"Officepulse is a business model that is true to our personal knowledge and corporate challenges. We are a B2B ecommerce company, assisting corporates to automate and source their complete array of office assets and consumables. Our categories include housekeeping, IT, pantry (F&B), and stationery," says Darshan Bathija, Co-founder of Officepulse.
The startup is an op-tech platform enabling businesses to bring efficiency in their assets and consumables procurement. It also offers its customers with multi-location delivery facilities across India. A web app lers corporates order their office supplies.
In less than a year, the company has clients such as WeWork, 91Springboard, Wildcraft, Tata Global Beverages, Furlenco, Capillary, etc., and has direct tie-ups with renowned brands such as Pepsico, Diversey, HP, Honeywell, Lenovo, Unibic, Nestle, Dabur, ITC, and Kimberly Clark, among others.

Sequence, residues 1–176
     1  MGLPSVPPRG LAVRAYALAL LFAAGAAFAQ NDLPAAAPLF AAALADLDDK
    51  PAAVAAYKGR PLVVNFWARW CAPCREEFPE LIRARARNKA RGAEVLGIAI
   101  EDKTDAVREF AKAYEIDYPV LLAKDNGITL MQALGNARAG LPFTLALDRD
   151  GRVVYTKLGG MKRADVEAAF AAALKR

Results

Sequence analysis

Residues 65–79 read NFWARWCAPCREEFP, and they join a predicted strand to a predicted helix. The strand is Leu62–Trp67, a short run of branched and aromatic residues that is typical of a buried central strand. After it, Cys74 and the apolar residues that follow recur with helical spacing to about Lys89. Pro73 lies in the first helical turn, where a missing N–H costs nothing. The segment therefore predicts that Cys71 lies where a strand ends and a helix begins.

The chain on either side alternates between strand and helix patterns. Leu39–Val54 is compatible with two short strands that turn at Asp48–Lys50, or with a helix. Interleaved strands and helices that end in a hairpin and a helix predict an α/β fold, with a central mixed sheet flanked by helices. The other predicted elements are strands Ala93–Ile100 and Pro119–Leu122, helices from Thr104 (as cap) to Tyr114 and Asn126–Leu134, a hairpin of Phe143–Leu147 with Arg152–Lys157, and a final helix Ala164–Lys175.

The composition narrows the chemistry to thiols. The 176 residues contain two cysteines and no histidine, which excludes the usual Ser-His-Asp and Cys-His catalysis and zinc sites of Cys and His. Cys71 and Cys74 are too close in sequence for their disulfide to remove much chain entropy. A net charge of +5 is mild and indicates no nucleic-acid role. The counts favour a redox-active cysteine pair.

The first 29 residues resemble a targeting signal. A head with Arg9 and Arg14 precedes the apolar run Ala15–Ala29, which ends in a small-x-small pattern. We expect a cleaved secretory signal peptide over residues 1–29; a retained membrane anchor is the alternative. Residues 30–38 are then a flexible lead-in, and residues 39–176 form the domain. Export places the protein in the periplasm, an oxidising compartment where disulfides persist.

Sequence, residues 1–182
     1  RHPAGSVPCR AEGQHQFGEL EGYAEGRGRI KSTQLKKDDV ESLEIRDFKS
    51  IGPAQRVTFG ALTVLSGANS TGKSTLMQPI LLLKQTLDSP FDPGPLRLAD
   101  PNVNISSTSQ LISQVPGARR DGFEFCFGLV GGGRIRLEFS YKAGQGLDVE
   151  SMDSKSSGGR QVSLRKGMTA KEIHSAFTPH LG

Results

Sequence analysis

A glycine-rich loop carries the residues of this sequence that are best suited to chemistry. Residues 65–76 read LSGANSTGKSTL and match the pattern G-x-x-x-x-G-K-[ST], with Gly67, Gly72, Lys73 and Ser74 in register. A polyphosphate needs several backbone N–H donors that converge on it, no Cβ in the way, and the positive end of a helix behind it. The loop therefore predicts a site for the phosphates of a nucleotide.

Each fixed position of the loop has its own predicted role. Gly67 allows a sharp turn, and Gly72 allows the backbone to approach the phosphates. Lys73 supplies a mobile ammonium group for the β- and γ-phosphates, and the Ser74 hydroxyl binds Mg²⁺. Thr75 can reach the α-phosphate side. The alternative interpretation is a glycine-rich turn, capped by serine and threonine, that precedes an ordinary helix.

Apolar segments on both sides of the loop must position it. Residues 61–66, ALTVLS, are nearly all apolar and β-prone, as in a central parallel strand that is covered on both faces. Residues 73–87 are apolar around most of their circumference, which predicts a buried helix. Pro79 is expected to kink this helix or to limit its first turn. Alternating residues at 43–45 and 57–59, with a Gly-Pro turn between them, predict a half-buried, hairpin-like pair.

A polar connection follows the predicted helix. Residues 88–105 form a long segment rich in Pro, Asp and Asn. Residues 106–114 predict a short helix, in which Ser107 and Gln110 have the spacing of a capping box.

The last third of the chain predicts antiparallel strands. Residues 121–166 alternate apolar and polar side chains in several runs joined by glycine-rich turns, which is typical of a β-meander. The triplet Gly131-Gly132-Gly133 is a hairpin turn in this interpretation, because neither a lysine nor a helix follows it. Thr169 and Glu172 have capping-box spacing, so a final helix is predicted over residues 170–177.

From day one, the trio has made sure that they are completely relevant in their approach to solving the needs of every office and business, be it a multinational enterprise or an SMB firm.
The early days
In the early days, Darshan spoke to a few of his contacts from his previous jobs, most of whom were heading the procurement or finance functions. These people explained the core challenges they faced when managing multiple sourcing plans, multiple SKUs, multiple locations, and multiple PRs, POs, and invoices. They also said that the reconciliation took longer than the actual sourcing activity, not to mention the quality, availability, cost parameters, and scattered data.